The main event in last night’s programme at the TSO was the first act of Die Walküre in concert performance but it was preceded by The Ride of the Valkyries and, more substantially (if not louder) Berg’s Three Pieces for Orchestra Op.6. It’s an interesting piece; post tonally expressionist with obvious homages to both Wagner and, especially, Mahler. Sir Andrew gave it one of the best introductions of the kind that I have heard; situating it not just in the Viennese musical lineage but also drawing helpful parallels with the visual arts; Klimt, Kokoschka etc. He also produced a reading of great clarity from the orchestra. It’s easy for a big piece of this kind to dissolve into a sort of aural mush and thereby give the “I don’t like this modern stuff” crowd ammunition that it’s just “noise”. Here the various strands, the references and even the musical jokes of the three movements were clearly delineated. Lovely stuff.
The recording of Bellini’s Norma made at the Royal Opera House, Covent Garden in 2016 is about as good as video recordings of opera go. It has it all; a well thought through and well executed production concept, very fine musical values, great acting, judicious camera work and top notch sound and picture. It doesn’t get much better.
Berlioz’ Les Troyens is one of those pieces that really deserves the descriptor “sprawling epic” and, if anyone can make an epic sprawl it’s David McVicar. This production, recorded at the Royal Opera House in 2012, is typical of McVicar’s more recent work. It’s visually rather splendid and the action is well orchestrated but it’s short on ideas and long on McVicar visual cliches; acrobats, gore and urchins (but mercifully no animals). I don’t want to be too hard on McVicar. This piece is based on the sort of “Ancient History” one used to learn at prep school (British usage) and McVicar pretty much runs with that making no attempt to find deeper meaning, despite superficially translating at least the first two acts to the time of first performance; the era of European colonialism.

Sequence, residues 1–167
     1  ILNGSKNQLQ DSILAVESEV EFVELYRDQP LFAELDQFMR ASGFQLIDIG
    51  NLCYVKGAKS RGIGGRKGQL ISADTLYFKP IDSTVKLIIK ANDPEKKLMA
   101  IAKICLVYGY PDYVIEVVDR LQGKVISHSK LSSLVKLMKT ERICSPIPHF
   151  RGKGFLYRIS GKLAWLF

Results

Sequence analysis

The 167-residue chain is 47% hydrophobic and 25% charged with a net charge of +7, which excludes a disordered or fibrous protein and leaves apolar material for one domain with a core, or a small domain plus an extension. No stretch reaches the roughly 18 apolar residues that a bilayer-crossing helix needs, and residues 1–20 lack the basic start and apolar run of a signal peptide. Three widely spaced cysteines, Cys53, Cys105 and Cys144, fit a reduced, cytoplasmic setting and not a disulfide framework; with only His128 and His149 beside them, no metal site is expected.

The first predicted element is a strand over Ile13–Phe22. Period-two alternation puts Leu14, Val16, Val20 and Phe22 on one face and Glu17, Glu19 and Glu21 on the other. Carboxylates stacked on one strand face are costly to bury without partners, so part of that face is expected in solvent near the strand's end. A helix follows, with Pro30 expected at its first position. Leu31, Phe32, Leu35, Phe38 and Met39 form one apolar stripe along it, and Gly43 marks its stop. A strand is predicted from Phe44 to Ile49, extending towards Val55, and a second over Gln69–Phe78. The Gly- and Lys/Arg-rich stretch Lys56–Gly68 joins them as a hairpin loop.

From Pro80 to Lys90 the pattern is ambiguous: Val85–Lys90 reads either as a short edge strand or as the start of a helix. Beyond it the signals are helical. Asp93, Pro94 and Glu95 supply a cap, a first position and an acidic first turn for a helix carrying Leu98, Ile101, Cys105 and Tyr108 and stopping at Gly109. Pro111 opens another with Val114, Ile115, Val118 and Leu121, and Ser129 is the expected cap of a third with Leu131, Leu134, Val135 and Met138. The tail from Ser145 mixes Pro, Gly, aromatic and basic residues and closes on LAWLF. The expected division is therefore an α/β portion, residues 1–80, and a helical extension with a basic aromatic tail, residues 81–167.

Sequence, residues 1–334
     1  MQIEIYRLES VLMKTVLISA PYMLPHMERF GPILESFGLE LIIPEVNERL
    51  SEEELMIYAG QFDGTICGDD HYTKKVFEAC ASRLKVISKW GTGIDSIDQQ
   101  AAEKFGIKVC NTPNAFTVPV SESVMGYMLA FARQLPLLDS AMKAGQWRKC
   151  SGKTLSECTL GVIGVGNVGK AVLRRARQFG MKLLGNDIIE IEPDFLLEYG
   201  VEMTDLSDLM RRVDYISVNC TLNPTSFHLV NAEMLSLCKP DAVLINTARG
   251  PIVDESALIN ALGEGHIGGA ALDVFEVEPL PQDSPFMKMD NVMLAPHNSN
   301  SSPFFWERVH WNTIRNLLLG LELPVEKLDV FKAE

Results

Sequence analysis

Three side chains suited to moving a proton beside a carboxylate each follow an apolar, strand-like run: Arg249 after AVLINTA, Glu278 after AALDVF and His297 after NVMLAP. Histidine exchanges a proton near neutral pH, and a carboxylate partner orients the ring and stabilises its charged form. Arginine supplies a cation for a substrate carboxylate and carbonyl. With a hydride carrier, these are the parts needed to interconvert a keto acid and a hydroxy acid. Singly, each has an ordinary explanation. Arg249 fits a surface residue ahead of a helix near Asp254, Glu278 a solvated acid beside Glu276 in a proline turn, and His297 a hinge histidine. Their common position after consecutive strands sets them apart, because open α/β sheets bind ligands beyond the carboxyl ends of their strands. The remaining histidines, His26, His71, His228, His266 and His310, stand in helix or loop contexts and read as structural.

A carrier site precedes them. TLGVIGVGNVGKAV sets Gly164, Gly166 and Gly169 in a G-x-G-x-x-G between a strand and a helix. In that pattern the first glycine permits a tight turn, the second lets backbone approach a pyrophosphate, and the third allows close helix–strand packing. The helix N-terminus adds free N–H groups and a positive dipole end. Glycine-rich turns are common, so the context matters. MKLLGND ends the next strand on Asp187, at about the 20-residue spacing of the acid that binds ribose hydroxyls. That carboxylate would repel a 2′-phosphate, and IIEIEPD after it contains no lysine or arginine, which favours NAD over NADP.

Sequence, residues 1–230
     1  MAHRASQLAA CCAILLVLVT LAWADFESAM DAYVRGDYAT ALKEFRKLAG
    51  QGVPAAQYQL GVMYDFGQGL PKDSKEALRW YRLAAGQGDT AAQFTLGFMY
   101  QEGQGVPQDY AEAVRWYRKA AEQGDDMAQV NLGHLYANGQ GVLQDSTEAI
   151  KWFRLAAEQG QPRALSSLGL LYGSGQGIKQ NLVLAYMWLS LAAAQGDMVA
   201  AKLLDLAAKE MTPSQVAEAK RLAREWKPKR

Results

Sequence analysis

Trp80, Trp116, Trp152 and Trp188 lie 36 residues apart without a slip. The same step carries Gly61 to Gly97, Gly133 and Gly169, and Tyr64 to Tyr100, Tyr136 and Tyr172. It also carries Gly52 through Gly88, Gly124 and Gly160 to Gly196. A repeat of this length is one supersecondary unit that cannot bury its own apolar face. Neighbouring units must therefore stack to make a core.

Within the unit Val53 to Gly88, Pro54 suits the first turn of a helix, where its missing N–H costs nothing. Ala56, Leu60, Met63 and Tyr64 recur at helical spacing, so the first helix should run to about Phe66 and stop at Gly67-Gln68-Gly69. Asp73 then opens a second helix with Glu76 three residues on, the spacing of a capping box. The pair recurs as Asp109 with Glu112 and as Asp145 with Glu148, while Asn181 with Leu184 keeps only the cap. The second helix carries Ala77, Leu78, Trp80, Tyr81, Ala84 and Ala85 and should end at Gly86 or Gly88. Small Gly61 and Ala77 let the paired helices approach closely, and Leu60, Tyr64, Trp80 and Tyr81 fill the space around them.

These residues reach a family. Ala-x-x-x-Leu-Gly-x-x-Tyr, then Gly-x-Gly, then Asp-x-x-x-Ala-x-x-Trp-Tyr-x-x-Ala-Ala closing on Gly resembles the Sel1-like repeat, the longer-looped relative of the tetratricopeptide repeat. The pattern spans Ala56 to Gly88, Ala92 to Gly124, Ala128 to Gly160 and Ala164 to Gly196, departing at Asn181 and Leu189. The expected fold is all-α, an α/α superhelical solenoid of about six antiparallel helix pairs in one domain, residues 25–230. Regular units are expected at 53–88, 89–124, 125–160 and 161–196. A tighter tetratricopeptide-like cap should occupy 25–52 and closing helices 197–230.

A new recording of Britten’s Gloriana is to be welcomed, even when it’s less than perfect. It’s an unusual work for Britten. It’s very grand. The orchestra is large and the music doesn’t seem to be as transparent and detailed as much of his work. This is especially true in Act 1 where I almost wondered whether Britten was sending up “grand opera”. It’s also a grand opera sort of plot. The libretto is based on Lytton Strachey’s Elizabeth and Essex and deals with the late life romance between the queen and the young Robert Devereux, earl of Essex and deputy in Ireland. It has some fine moments; notably the lute songs in Act 2 and the choral dances in Act 2. Act 3 is also dramatically quite effective; dealing with Essex’ abortive rebellion and execution. Curiously, in the final scene, Britten resorts to a lot of spoken dialogue, as he does briefly with Balstrode’s admonition in Peter Grimes. It’s almost as if he has no musical vocabulary for the highest emotional states; a sort of anti-Puccini.